Nature Institute Perspectives #5
Do Frogs Come from Tadpoles? Rethinking Origins in
Development and Evolution
by Craig Holdrege
(Nature Institute Perspectives #5, 87 pages, $15).
Where does a frog come from? The answer seems obvious. It comes from a tadpole. But does it?
Surely, without the tadpole the frog does not develop. But just as surely, nowhere do we find the frog in the tadpole. The frog comes into existence only as the tadpole disappears. We need to be keenly aware of what we mean, and what we don’t mean, when we say, “A frog develops out of a tadpole”—or a tadpole out of an embryo, or an embryo out of a fertilized egg, or an adult human being out of a child.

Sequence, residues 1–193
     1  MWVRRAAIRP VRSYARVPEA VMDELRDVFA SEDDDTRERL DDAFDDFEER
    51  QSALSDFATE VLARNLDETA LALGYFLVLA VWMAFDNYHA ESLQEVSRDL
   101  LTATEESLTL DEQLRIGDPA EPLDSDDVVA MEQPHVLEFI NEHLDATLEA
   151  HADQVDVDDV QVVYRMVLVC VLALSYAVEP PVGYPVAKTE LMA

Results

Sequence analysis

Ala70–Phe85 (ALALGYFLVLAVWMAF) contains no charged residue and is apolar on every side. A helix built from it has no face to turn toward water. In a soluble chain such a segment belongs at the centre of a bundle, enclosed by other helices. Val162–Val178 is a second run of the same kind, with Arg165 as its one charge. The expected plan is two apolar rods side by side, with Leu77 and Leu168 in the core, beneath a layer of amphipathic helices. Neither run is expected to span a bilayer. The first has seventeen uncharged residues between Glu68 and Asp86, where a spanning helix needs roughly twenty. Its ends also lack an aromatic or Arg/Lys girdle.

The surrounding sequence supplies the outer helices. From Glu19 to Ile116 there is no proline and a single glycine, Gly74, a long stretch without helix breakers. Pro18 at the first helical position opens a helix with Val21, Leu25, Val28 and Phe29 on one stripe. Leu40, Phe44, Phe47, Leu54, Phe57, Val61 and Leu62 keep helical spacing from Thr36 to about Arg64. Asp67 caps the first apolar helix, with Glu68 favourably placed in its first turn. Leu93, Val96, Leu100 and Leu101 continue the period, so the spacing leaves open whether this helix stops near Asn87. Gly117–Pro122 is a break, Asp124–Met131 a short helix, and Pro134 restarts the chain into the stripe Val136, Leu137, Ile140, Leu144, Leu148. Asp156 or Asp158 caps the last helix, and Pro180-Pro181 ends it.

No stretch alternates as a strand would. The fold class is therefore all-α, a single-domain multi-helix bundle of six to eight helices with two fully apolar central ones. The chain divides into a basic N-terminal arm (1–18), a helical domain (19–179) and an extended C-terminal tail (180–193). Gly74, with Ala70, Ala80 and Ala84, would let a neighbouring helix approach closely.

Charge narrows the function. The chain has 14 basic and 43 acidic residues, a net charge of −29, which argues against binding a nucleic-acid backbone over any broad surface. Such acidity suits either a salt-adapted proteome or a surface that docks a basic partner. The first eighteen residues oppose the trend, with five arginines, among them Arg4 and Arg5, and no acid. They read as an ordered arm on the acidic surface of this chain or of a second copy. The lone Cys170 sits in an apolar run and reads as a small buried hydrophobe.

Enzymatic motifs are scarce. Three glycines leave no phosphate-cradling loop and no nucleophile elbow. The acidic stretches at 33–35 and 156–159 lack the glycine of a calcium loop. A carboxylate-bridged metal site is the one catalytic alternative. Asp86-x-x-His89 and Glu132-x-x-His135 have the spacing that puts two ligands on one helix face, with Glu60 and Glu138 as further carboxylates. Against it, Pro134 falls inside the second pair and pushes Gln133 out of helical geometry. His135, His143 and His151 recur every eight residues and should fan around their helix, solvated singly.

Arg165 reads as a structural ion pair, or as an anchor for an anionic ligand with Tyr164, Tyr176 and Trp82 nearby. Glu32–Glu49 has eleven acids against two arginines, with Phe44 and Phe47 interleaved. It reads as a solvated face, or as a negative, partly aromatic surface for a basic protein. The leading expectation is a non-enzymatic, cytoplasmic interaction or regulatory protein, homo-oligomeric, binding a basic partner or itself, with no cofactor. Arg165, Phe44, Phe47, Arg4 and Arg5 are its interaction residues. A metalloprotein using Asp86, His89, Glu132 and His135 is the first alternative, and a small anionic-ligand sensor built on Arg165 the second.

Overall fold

As we will see, when we give careful attention to what is
actually happening when a new phase of life develops out of
a previous stage, there are large implications for our overall
understanding of developmental processes. New and exciting
questions arise about how we conceive of development—
including that trans-species developmental process we call
(From the Introduction)
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